The standard Gnome interface is a beautiful thing when pimped out with Ubuntu's custom skin and wallpaper. The UI has more of an OS X vibe than a Windows feel, but it smartly combines elements from both in such a way that users from either side of the aisle should feel comfortable. As a bonus, if something like the positioning of the window close/maximize/minimize button array bothers you, it can easily be changed in the Appearance control panel. If you find yourself longing for an OS X-style dock, any number of free options are available for download in the Software Center. My personal favorite dock app is aptly called Docky. Even for hardened Windows users, Docky provides an unobtrusive, stylish, and useful way to organize and launch one's favorite locations and applications.
While we're on the subject of software, one thing I've always enjoyed about Ubuntu (and other Linux distros) is the ability to use the Software Center and Synaptic Package Manager to search quickly for applications and to install them with the click of a button. These services behave much like Steam or the jillion of other cookie-cutter app stores coming out these days, except the software listed within is generally free. Popular open-source applications like FileZilla, Firefox, Chromium, Wireshark, and GIMP can be installed easily without having to touch the command line. Of course, "sudo apt-get install" still works if you want to fire up the terminal and impress your friends.
The major side-effect of giving up Windows is the unfortunate forfeiture of native access to most games and popular software like Microsoft Office (particularly OneNote) and Adobe's Creative Suite. Most Windows apps can be run inside a virtual machine or a compatibility layer like Wine, but losing native support is detrimental to Linux adoption overall. As much as I respect the incredible effort put into the GIMP project, it's simply not on the same level as Photoshop. The situation is much the same for office suites, as Microsoft's Office 2010 maintains a sizable lead over the free alternatives in terms of both looks and functionality. Fortunately, online offerings like Google Docs and Microsoft Office 365 are beginning to bridge the platform divide. I'm still anxiously awaiting a decent open-source alternative to OneNote, though. An application called EverNote has gained popularity on Windows, Mac OS X, iOS, and Android platforms, but there is no love for the Linux crowd yet. Google Notebook works in a pinch, but it requires an Internet connection and doesn't even come close to OneNote's level of functionality.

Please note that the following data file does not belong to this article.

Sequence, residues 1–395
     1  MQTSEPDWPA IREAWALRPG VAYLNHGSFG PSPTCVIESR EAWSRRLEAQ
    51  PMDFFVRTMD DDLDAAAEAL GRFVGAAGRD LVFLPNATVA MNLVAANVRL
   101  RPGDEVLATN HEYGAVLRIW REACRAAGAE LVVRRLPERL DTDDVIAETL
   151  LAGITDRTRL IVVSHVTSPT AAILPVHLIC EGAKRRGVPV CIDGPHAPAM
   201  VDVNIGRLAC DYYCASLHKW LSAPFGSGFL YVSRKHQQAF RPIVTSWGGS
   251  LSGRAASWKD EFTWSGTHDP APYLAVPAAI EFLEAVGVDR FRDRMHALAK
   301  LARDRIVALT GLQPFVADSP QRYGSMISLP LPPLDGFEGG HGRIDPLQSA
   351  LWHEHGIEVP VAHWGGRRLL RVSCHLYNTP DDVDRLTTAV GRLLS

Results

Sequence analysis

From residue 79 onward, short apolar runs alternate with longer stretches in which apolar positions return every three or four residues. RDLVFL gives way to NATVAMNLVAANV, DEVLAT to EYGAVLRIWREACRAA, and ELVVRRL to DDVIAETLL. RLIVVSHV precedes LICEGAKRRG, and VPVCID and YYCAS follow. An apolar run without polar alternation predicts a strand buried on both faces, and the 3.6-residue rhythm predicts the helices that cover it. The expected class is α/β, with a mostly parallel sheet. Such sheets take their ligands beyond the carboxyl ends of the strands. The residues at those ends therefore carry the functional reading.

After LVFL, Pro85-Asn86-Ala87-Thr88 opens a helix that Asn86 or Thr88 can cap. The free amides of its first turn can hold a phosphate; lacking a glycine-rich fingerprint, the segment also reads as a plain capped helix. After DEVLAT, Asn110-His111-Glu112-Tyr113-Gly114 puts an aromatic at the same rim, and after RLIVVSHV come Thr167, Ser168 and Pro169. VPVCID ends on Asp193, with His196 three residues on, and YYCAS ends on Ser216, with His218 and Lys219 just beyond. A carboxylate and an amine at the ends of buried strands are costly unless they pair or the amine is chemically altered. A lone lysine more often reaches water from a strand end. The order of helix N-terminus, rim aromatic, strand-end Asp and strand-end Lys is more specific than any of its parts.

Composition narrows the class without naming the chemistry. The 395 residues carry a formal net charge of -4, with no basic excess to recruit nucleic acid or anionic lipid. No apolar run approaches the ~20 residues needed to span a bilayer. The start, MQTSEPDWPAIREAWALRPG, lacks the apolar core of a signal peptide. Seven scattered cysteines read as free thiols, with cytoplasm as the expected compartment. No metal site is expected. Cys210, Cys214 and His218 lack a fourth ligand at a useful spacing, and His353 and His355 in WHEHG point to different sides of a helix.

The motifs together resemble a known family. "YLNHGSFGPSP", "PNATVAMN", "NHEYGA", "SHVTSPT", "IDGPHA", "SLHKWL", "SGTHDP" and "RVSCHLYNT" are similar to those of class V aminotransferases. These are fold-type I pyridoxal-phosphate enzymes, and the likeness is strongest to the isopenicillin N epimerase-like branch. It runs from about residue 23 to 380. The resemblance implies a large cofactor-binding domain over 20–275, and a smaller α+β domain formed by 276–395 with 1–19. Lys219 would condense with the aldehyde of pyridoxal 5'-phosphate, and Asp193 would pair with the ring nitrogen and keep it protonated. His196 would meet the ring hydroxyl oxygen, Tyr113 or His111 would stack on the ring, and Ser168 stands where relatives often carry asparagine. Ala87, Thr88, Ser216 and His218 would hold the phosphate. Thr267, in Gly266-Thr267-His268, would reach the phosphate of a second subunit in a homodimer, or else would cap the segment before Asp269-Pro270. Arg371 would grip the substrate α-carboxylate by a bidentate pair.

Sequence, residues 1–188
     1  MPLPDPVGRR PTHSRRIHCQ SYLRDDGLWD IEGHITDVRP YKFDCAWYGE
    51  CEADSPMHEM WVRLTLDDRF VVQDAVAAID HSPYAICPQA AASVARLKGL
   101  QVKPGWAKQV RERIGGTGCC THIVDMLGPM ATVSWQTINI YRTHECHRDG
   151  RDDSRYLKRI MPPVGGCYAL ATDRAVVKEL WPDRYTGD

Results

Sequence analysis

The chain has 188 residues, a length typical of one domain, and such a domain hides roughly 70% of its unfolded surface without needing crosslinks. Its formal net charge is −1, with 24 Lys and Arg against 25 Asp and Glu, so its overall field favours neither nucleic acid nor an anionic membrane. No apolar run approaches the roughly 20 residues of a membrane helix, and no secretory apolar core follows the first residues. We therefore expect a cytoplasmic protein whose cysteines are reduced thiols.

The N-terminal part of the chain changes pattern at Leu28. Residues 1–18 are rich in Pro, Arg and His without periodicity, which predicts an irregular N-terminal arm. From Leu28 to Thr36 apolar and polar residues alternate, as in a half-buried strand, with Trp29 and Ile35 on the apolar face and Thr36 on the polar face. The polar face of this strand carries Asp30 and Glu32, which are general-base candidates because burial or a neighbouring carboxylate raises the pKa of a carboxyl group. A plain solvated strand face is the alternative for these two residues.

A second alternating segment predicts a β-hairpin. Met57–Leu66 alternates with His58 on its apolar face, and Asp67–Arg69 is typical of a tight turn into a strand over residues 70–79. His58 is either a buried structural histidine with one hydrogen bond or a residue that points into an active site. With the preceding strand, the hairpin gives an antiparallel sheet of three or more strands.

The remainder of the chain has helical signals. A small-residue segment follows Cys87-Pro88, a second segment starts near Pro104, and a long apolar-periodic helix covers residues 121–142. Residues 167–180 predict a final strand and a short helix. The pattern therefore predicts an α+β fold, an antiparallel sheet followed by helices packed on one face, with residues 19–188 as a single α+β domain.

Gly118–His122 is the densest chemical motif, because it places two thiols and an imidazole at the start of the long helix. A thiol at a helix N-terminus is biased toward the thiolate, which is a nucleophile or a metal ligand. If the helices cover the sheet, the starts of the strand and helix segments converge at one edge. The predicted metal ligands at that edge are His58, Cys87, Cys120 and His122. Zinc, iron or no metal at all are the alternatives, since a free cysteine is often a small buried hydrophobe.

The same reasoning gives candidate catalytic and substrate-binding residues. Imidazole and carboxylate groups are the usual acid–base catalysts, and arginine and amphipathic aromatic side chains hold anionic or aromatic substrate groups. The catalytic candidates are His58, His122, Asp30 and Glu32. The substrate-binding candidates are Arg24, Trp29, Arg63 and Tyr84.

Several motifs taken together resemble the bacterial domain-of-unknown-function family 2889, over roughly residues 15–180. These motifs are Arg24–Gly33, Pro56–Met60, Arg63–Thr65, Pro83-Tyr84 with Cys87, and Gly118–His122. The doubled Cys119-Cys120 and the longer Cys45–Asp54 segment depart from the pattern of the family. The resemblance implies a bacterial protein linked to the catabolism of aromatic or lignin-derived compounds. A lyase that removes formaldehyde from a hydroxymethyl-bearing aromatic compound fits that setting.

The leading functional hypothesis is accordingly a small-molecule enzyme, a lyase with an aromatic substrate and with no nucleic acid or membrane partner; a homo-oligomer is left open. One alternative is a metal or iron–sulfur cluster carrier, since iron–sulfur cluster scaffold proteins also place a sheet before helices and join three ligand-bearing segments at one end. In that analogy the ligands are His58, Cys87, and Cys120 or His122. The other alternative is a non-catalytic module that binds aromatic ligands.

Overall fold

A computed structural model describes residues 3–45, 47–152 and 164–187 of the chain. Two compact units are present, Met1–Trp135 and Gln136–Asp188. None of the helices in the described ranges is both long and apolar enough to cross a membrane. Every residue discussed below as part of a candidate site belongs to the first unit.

When it comes to basic personal communication, Ubuntu has done an admirable job of integrating chat and e-mail features into the OS. The chat client can be configured to work with common services like Google Talk, AIM, ICQ, MSN, and Facebook Chat. Contacts are unified into a single list, and only one notification icon appears at the top of the screen. This is essentially the same functionality that multi-protocol instant messaging clients like Pidgin provide, except that it comes bundled with the OS. The only chat service I use regularly that isn't supported is Skype. A Linux version of the Skype app is available through the Ubuntu Software Center, but it looks like an afterthought compared to the Windows and Mac flavors.
Although I'm still in the early stages of living with Linux, barring a few minor teething issues, things have gone extremely well. Mainstream distributions like Ubuntu appear to be just about ready for prime time, provided the user isn't dependent on proprietary applications or games that only run on other systems. Native Linux applications and web-based software can be somewhat lacking in looks and features, but it's astonishing what $0 will get you these days. That said, I'm not ready to give up Windows totally just yet. I simply have too much invested in games and other software that won't run on Linux without jumping through hoops, and truth be told, I really like Windows 7. Linux is not for everyone, but it's hard to argue with the value and quality modern distros offer. In fact, I've decided to let Ubuntu take root and make a home for itself on my laptop. /end corny Linux puns.
|1. Ryszard - $603||2. Hdfisise - $600||3. Andrew Lauritzen - $502|
|4. Redocbew - $350||5. the - $306||6. SomeOtherGeek - $300|
|7. chasp_0 - $251||8. Ryu Connor - $250||9. mbutrovich - $250|
|10. YetAnotherGeek2 - $200|
|Gigabyte's Z170X-Gaming G1 motherboard reviewed||7|
|Star Wars Battlefront video review||37|
|Club 3D active adapters convert DisplayPort 1.2 to HDMI 2.0||20|
|Phanteks' Power Splitter lets two systems run on one PSU||43|
|Just Cause 3 system requirements won't blow up your wallet||27|
|Biostar's GeForce Gaming GTX 950 glows a fiery red||22|
|Asus updates Zenbook UX305 with a Skylake Core M CPU||60|
|Shuttle XPC Nano's svelte body is clad in black and gold||20|
|AMD ends driver support for non-GCN Radeon cards||86|
|This is the answer to SSK's question on the Firefox news post.||+32|